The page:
One of the advantages of a united Europe is the freedom of movement, which also extends to your driving licence. If you are an EU or EEA citizen, you are free to have your driving licence converted into a German driving licence. You can, but you do not have to.
In contrast, driving licences from so-called third countries are somewhat more complicated and require a little effort. These are all countries that do not belong to the EU, the EEA and EFTA. For example, the USA, Canada or Japan belong to this group; the complete list of countries can be found here.
- Eye test, first aid and proof of health suitability
If you do not come from an EU/EEA country, you will need to have your eyesight examined and a certificate of attendance at a first aid course. Depending on the category of the licence, proof of medical fitness may be required.
You need a current, biometric passport photo for the re-registration.
- Theoretical and practical examination
It may also be necessary to take a theoretical and/or practical test, at the discretion of the driving licence authority. In this way you prove that you know the rules of German road traffic and that they are not an obstacle for you. To do this, you must register at a driving school, but you do not need to complete the entire compulsory training. However, you should make sure that you are sufficiently prepared. This works best with the Fahren Lernen Max app.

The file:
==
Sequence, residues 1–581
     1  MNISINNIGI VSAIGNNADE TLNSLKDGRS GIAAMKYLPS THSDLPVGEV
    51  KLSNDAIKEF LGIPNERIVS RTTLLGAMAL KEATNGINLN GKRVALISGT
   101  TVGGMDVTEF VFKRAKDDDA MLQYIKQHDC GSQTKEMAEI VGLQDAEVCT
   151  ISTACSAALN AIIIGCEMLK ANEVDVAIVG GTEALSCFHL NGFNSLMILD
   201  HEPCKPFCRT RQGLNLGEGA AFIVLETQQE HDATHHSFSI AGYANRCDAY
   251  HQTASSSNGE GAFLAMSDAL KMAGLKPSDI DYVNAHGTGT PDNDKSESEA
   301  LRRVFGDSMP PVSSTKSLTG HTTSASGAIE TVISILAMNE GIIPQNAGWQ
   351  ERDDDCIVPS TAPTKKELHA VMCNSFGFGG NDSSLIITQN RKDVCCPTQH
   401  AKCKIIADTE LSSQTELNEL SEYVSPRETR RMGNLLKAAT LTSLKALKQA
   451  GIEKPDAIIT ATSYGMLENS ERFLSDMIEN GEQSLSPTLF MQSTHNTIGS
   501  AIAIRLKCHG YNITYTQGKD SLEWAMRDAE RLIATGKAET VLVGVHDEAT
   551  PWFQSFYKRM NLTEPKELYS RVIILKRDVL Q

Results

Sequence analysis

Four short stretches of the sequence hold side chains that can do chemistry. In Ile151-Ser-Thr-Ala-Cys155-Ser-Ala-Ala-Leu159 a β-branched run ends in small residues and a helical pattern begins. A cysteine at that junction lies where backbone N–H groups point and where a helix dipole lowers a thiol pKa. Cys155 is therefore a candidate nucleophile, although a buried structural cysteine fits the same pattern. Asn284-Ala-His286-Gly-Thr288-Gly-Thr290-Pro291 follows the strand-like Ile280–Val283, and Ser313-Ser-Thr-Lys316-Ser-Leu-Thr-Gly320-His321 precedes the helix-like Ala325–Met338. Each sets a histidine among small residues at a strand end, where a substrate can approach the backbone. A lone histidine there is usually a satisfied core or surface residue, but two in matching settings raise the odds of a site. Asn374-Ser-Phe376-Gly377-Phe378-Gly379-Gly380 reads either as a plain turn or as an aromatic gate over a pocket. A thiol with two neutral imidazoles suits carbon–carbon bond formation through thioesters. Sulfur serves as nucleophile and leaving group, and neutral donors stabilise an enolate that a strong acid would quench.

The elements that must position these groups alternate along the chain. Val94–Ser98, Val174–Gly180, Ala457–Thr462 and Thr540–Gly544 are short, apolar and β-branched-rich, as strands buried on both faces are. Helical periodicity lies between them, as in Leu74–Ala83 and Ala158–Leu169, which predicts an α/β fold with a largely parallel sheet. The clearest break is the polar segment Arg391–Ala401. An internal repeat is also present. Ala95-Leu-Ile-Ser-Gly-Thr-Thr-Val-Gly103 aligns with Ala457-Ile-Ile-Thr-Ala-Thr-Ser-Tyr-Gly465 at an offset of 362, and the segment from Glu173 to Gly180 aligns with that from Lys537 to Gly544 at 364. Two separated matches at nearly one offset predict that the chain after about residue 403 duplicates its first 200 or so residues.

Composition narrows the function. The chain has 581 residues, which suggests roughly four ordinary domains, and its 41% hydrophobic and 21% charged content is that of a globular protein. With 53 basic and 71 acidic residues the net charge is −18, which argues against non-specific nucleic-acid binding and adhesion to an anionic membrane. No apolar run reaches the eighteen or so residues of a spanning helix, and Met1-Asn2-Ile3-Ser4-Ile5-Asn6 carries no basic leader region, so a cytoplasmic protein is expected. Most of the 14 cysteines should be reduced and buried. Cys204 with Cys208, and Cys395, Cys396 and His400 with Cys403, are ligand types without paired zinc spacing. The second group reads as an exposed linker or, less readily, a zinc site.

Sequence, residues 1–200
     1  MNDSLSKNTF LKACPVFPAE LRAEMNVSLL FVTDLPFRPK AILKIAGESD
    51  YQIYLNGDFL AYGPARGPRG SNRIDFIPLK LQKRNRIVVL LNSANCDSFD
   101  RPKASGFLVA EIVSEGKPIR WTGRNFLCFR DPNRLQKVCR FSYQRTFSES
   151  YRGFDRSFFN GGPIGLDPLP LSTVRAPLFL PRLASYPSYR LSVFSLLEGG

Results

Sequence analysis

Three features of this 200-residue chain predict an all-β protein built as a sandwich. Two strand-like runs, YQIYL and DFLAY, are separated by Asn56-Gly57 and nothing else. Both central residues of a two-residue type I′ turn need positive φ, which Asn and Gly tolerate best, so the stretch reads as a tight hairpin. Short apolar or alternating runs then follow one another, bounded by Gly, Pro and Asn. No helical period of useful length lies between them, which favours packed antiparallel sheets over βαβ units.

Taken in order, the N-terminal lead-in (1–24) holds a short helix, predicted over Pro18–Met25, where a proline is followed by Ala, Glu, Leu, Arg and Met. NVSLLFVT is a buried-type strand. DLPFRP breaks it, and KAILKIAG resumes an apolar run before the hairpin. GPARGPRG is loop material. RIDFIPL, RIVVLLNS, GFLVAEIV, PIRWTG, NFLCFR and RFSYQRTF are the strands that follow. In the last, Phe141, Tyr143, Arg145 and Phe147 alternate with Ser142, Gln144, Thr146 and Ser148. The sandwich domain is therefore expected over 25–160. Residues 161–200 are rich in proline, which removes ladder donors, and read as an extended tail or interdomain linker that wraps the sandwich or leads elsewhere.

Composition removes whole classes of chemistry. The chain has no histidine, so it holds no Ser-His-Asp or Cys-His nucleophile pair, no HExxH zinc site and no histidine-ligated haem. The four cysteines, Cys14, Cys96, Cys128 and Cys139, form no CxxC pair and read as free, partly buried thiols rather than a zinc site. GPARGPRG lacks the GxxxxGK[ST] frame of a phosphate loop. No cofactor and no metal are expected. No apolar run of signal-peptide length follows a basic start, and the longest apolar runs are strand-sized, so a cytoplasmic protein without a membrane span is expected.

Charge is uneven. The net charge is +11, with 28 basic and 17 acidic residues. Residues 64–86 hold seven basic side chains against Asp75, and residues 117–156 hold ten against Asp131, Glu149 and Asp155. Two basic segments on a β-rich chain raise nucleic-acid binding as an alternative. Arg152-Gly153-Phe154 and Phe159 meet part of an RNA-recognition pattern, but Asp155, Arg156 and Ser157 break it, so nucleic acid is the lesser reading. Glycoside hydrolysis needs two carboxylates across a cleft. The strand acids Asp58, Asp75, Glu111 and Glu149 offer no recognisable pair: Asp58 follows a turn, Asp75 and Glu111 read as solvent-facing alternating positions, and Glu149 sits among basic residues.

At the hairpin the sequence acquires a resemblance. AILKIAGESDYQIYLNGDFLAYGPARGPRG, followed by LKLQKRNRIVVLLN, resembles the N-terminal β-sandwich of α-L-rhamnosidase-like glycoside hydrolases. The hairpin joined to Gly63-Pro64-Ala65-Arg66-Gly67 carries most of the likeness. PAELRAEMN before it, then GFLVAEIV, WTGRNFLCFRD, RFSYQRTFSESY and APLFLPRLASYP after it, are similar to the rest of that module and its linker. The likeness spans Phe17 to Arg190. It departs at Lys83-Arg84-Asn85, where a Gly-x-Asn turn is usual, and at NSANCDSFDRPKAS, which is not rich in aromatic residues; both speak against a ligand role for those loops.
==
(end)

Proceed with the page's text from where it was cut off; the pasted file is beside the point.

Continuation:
- Application for a re-register of driving licence
If you are an EU or EEA citizen, you can also fill in the application online and then send it off by post. All others have to go to the respective driving licence office and apply there for a transfer of their driving licence.
- Required documents
You will need your original national driving licence and a declaration that your foreign driving licence is still valid. A translation may also be required. As you also have to identify yourself, you need an identity card or passport. To be on the safe side, also take your current registration certificate with you.
There are costs for the application and the necessary documents. Depending on whether you come from an EU country, the European currency area or a third country, the costs vary between 35 euros and 42.60 euros for the transcription.
In bureaucratic matters, it has proven to be best to apply for everything as early as possible and to have all the necessary documents at hand. If you have to hand in additional documents, the process will be delayed and you will have to wait longer before you can legally get behind the wheel in Germany.